How about a surplus HMMWV platform?

#1
What do you guys think about picking up a surplus HMMWV from GovPlanet and turning into an expo rig?

I was licensed to drive them back in the corps and I know how to do basic maintenance. I have also found sites that sell every conceivable part for these things, albeit kinda pricey, but the fact is they are available. Working on the HMMWVs are pretty straightforward and I would have no issue sourcing all the training manuals and walk-through books. And seeing as how the government is selling these things off pretty quickly, and now the proper paperwork comes with them so they can be registered and plated, it is easier than ever to make them road legal.

Check out these I was looking at:
http://www.govplanet.com/for-sale/H...00,ct|30,c|3468&rr=0.14286&hitprm=&pnLink=yes
http://www.govplanet.com/for-sale/H...,pstart|60,mf|1&rr=0.01493&hitprm=&pnLink=yes

From what I have seen, some of the auctions don't go too far off the starting bid, so in my mind there is a real potential for a reasonably priced starting point for an extremely capable rig. I will admit that there is a certain level of nostalgia involved with this scheme, but there might be some logic in this. It would involve selling my first-gen Trooper and few of my guns, but I might be able to make this happen before too terribly long.

Thoughts? Concerns? Can someone talk me out of this?! haha
 

DaveInDenver

Expedition Leader
#2
Is a vehicle where earplugs are all but mandatory for long trips really an ideal overland candidate? But as a rugged base, probably, but after a whole lot of heat and sound insulation.
 
#3
Question is, will it do anything better than what you already have?

I tend to get nostalgic over some old a vehicles I used to own, then I wise up... ;) :D
 
#4
Aside from the military cool factor, I really don't find them that appealing. I admit I don't know much about them, but I've seen enough of them in person to figure out they are huge, on tight trails like you find in the eastern US I can only imagine they would be quite tiresome to maneuver and much more impeded by trees and such that most smaller vehicles already have a path between.

If I had money to burn and a huge shop to work in, might make a fun local tooling around kind of vehicle, given my affection for military surplus gear. But I can't see any extended trips being fun in one. I mean last time I watched some videos that had off road modded civilian H1's, those guys were trailering those to the trail head....

On another note, as a ham radio guy, those antennas they pack look mighty interesting, make a hell of a mobile rig.....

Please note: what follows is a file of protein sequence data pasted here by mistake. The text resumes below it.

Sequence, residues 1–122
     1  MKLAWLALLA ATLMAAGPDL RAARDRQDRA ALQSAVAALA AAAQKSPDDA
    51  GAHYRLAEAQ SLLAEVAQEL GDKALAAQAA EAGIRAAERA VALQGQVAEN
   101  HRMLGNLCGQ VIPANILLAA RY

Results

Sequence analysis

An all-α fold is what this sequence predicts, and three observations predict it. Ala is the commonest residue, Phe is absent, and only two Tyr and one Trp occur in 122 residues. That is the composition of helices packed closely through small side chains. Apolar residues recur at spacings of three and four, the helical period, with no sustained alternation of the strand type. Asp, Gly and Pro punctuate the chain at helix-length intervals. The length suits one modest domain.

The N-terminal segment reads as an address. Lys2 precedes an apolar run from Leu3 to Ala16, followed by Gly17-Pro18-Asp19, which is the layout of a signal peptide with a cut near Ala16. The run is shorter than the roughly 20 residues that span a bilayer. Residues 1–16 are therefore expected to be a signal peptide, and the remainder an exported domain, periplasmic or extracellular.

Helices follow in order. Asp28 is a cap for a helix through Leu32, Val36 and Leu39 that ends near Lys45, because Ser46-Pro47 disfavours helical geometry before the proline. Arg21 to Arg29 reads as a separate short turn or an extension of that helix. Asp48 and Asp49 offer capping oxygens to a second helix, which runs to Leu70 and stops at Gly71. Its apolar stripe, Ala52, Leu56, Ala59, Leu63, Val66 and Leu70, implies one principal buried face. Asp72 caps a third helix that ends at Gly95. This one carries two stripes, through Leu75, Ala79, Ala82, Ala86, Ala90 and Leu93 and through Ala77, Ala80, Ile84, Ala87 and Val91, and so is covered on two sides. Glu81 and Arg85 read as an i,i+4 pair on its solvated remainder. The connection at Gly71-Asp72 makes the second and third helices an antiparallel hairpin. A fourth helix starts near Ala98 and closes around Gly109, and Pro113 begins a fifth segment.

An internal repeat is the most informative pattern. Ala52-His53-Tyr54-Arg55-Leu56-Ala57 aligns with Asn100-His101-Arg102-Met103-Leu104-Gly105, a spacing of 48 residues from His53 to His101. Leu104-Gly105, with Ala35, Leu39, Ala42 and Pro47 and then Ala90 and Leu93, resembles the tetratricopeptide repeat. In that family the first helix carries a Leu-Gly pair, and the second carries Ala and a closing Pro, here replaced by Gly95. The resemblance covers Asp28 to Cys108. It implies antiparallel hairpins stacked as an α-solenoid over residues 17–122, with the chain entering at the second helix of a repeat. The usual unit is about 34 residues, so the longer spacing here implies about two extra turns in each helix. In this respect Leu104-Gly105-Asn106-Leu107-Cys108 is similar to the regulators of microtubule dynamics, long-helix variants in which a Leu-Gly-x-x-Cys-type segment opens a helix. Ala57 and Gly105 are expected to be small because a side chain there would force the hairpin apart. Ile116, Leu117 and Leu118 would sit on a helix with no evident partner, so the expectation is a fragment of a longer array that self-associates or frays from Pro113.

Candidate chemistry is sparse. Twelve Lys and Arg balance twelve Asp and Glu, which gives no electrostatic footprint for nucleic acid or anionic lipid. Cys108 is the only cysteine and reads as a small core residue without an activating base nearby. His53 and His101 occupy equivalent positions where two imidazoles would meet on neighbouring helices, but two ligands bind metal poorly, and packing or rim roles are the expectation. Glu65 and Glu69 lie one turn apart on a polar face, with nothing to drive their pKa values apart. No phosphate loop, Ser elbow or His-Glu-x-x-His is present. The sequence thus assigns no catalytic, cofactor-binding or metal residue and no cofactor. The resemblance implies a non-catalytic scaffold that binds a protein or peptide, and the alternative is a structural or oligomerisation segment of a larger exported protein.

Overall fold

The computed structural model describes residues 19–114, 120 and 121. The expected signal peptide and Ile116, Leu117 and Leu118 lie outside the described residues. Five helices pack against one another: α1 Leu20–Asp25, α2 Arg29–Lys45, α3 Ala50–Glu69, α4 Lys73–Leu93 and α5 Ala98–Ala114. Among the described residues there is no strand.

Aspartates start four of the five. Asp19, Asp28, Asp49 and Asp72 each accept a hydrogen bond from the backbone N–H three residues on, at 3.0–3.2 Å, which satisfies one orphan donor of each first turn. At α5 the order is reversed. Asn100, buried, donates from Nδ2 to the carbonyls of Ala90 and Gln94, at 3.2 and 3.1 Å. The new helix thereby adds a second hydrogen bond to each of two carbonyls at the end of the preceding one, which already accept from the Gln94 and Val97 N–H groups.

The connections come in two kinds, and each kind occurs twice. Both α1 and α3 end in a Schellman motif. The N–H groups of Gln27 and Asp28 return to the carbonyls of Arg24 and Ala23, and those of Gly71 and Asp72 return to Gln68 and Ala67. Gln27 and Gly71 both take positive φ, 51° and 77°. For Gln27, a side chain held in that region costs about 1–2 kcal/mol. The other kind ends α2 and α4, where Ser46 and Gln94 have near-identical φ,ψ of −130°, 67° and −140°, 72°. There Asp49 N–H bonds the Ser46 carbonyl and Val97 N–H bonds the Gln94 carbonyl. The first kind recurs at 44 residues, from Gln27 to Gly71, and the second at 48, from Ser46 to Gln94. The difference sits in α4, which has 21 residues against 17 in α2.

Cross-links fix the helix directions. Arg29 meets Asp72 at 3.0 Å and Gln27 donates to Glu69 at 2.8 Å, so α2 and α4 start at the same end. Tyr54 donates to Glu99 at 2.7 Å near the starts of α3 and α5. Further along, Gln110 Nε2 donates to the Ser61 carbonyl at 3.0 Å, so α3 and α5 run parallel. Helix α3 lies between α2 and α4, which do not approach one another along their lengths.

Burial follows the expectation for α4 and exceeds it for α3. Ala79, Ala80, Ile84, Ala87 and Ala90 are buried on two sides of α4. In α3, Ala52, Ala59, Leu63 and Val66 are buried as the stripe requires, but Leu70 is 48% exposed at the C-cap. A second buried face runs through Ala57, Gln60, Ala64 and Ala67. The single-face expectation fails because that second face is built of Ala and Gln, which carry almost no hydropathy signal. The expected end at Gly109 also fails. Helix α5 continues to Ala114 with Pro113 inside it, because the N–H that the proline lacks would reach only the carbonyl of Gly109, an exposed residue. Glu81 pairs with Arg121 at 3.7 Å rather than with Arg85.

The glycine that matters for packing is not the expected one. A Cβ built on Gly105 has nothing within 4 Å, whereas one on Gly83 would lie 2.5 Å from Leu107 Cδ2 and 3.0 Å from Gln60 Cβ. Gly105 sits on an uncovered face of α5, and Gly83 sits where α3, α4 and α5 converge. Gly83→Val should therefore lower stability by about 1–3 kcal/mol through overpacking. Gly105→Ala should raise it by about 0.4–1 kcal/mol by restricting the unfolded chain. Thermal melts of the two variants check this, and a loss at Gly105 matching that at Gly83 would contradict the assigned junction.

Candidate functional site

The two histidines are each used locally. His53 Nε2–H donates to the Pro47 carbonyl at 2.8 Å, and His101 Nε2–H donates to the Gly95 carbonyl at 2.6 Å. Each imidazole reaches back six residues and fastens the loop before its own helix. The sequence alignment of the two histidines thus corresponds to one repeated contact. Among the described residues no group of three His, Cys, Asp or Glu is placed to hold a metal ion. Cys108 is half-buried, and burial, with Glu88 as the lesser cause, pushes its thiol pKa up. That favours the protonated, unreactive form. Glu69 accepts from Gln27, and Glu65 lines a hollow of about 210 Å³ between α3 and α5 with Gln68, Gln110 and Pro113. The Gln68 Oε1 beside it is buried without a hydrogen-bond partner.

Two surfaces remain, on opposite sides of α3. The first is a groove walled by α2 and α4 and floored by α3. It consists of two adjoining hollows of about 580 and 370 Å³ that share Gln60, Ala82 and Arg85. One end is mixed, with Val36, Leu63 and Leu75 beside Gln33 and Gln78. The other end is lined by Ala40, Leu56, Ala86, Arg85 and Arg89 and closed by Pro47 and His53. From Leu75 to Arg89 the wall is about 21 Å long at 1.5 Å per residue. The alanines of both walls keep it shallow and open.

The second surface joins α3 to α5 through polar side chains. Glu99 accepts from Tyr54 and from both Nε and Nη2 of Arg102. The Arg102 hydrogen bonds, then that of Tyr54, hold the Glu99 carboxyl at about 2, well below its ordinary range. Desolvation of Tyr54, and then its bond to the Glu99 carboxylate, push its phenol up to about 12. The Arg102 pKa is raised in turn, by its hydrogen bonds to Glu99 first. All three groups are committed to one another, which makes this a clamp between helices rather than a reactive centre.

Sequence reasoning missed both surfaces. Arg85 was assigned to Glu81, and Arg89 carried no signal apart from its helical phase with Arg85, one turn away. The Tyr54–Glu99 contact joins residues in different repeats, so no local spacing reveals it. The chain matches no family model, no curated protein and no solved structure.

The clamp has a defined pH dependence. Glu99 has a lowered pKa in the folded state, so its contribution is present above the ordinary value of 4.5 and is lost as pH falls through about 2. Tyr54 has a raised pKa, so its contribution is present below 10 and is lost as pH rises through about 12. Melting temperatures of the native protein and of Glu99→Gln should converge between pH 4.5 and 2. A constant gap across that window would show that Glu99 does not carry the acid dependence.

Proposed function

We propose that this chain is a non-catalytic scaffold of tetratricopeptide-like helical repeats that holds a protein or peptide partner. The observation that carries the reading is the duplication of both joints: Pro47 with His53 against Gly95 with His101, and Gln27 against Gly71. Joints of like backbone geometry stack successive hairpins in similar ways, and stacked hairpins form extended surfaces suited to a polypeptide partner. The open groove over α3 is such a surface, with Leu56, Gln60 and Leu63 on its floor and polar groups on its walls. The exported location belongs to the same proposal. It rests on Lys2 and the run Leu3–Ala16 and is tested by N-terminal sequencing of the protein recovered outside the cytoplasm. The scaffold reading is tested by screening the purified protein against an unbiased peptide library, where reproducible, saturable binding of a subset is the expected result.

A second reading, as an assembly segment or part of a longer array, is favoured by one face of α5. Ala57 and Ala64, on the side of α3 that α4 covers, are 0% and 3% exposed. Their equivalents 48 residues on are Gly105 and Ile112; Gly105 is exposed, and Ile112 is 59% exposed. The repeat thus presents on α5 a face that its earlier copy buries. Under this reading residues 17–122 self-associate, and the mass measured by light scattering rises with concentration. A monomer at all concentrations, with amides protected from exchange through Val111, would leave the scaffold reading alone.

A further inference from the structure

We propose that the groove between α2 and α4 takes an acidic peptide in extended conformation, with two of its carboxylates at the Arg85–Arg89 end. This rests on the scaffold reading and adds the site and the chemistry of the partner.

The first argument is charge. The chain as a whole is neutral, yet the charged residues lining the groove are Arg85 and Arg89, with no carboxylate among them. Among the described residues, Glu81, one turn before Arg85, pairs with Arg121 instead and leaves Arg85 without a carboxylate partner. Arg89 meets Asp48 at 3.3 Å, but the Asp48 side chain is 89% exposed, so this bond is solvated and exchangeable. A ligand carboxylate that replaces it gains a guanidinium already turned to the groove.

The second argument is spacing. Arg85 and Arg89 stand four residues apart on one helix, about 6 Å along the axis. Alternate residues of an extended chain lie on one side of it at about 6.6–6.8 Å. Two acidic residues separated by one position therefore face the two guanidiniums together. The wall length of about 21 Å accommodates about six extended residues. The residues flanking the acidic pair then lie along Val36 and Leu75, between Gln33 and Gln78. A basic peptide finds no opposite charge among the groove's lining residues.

#5
It's a good platform, not too hard to find parts and support if you know where to look.
The community is similar to the jeep community - pretty tight, but there are also a lot of engineers and technical folk in the forums.

I had a 1996 HMCO (open top) and the only issue I ever had were really-really tight trails that only a 2-door jeep could squeeze in. Once you get the first scrape the rest is gravy, though.

There are a few quality companies that make armor and bumpers for them - they are expensive but extremely stout.

The interiors are not as spacious as people expect, but you're familiar with them from your service time.

I would start with a hardshell ambulance body M997 - there are variants with and without winches - kind of nice to have one already configured.
 
#6
H1 has always been my childhood dream vehicle. Was fortunate enough to own one of these beasts, and all I can say is to make sure you spend some time in one before dropping a lot of cash. They're a LOT of vehicle, and are very unique.

Mine was a civilian model HMC4, loaded will all options. Interior had been stripped and the entire body was dynamatted and carpeted before reinstalling everything. It was a LOT quieter than before, but still loud. That noisy engine literally sits right beside you. Mine also had the upgraded A/C that blew cold.

Not much interior room for passengers (believe it or not), and they're quite underpowered. If mine would have had the duramax engine, I would have never gotten rid of it. I'll own another someday, but it will have an engine swap.


I bought mine bone stock (low mileage) in Florida and drove it 1500 miles home. No real issues other than it taking a bit longer than expected. :sombrero:







 
#8
Having lived out of a turtleback I'd have to say they'd make a horrible Expo rig. Cramped, uncomfortable seating (doesn't matter which of the four seats, they all suck), not to mention loud and very inefficient with fuel. I can think dozens of other, more suitable options.
 

jeep-N-montero

Expedition Leader
#10
The Military surplus Humvees were always off road only, not street legal, did something change?
You beat me to it, the surplus Humvees ARE NOT STREET LEGAL as sold, although you may be able to register it as an OHV with certain restrictions. Having driven about 11k miles in them when I was in the Army you couldn't pay me to own one, every time I see one on the street I can't help but think that someone is compensating for something.
 

Martinjmpr

Wiffleball Batter
#11